Real News‎ > ‎2014‎ > ‎October 2014‎ > ‎

3rd October 2014

Singapore Real Estate

Relocations, tenants' surplus space to add over 1m sq ft to office supply: DTZ

Property observers say the price drop looks set to continue, with loan curbs remaining in place.

Source: Channel News Asia / Singapore

SINGAPORE: Prices of resale flats fell by 1.6 per cent on-quarter in the third quarter of 2014, according to flash estimates from the Housing and Development Board.

HDB on Wednesday (Oct 1) announced that its flash estimate of the 3rd Quarter 2014 Resale Price Index (RPI) is 192.5, a decline of 1.6 per cent over the previous three months. 

It is also the fifth straight quarter of decline. But property observers say the drop is "moderate" as overall price fall is in the single-digit range.

"We expect the index to weaken by between 5 and 6 per cent for the entire 2014. This can be considered a moderate rate of decline, compared to, for instance, when we were faced with economic recessions and financial crises, property prices then dropped 10 to 15 per cent or even 20 per cent in some cases," said SLP International Property Consultants Executive Director and Head of Research, Mr Nicholas Mak.

They say cooling measures such as the 30 per cent cap in the mortgage servicing ratio and the change in resale procedure have helped stabilise prices. Since March, the buyer can only obtain the valuation report after the deal is sealed and the Option to Purchase has been granted to him.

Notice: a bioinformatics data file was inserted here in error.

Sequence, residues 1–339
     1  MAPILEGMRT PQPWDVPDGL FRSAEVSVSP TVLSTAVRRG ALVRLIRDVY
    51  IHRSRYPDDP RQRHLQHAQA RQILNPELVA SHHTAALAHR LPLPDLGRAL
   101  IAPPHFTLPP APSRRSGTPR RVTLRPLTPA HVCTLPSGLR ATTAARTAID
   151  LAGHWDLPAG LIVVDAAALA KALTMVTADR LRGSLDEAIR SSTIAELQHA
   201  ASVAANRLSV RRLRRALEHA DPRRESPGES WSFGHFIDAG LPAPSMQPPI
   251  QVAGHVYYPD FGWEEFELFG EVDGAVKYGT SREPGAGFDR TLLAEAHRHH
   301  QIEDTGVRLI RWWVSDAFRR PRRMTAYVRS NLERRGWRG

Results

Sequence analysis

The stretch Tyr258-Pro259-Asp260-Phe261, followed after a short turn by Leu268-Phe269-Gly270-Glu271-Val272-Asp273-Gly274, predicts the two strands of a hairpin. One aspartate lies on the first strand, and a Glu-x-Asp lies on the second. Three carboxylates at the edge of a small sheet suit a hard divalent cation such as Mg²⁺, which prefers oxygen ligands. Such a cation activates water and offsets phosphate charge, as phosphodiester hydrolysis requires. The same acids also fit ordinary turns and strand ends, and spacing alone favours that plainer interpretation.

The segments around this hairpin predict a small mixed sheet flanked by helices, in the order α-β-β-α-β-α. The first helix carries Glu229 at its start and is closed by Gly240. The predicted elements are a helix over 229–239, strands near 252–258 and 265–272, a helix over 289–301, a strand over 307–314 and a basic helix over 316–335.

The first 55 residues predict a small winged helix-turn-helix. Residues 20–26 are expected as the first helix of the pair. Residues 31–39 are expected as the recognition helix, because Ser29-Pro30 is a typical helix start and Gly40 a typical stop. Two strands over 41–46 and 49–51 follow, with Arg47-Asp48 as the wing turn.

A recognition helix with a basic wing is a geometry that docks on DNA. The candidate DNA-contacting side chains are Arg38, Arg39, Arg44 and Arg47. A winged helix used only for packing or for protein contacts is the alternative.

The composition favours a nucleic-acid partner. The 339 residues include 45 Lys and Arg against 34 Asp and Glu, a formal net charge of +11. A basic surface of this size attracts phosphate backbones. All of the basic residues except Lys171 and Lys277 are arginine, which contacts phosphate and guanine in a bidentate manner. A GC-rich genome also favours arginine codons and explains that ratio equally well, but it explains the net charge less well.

Real estate agency ERA Realty, which says it holds about 42 per cent of the HDB resale market share, noted that most of the transactions it handles are supported by valuation.

But property firm HSR says recently-completed executive condominium projects may have affected prices in the HDB resale market as buyers who are HDB upgraders would have had to sell their flats.

HSR said seven executive condominiums, with a total of almost 3,600 units, obtained their Temporary Occupation Permits during the past 9 months.

Looking forward, property watchers estimate that the HDB resale volume will settle at a new low of about 17,000 units this year, compared to last year's 18,000 units. 

The RPI for the full quarter and more detailed public housing data will be released on Oct 24.

In its press release, HDB noted that about 4,290 BTO flats in Sembawang, Sengkang, Tampines and Yishun will be offered in November. In addition, about 3,000 flats will be offered in a concurrent Sale of Balance Flats exercise. 


Prices of private homes have been falling for a year. In the third quarter of this year, prices fell by 0.6 per cent.

Homes in the core central region (CCR), continued to bear the brunt. Prices there fell 0.9 per cent, as buyers stayed away from these higher-priced properties due to loan curbs.

As for the suburbs, prices dipped by 0.2 per cent.

The city fringe, also known as the rest of central region (RCR), was the most resilient in the third quarter. Prices there dropped by only 0.1 per cent.

HSR International's Head of Singapore Projects Mr Alan Tan said that a large percentage of RCR property buyers would have originally thought of purchasing in CCR instead, but were deterred by the cash outlay as a result of the Total Debt Servicing Ratio (TDSR) and other measures.

"It is wiser for them to move to the RCR. That's why we call it city fringe - it is actually near to the city area, not exactly in the centre of the city area, but the amount of investment opportunities and activities that can happen there is quite great," said Mr Tan.

Observers say prices will continue falling, as long as current loan curbs remain in place. They also note any easing of the measures is unlikely to be soon, as Singapore's economy is in a good shape.